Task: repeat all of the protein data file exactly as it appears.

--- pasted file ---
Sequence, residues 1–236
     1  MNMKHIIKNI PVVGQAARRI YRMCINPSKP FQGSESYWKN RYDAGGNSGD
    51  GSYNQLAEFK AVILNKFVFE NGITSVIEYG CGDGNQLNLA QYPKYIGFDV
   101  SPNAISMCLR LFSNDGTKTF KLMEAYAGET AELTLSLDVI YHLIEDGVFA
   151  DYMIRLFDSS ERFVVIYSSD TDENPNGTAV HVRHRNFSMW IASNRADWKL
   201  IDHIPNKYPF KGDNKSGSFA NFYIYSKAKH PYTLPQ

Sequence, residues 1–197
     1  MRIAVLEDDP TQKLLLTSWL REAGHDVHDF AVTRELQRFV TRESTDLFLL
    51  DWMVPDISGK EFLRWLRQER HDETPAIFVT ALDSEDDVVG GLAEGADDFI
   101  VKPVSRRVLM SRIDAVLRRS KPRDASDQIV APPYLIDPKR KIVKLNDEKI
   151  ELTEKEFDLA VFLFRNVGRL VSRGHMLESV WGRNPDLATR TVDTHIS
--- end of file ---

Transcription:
Sequence, residues 1–236
     1  MNMKHIIKNI PVVGQAARRI YRMCINPSKP FQGSESYWKN RYDAGGNSGD
    51  GSYNQLAEFK AVILNKFVFE NGITSVIEYG CGDGNQLNLA QYPKYIGFDV
   101  SPNAISMCLR LFSNDGTKTF KLMEAYAGET AELTLSLDVI YHLIEDGVFA
   151  DYMIRLFDSS ERFVVIYSSD TDENPNGTAV HVRHRNFSMW IASNRADWKL
   201  IDHIPNKYPF KGDNKSGSFA NFYIYSKAKH PYTLPQ

Sequence, residues 1–197
     1  MRIAVLEDDP TQKLLLTSWL REAGHDVHDF AVTRELQRFV TRESTDLFLL
    51  DWMVPDISGK EFLRWLRQER HDETPAIFVT ALDSEDDVVG GLAEGADDFI
   101  VKPVSRRVLM SRIDAVLRRS KPRDASDQIV APPYLIDPKR KIVKLNDEKI
   151  ELTEKEFDLA VFLFRNVGRL VSRGHMLESV WGRNPDLATR TVDTHIS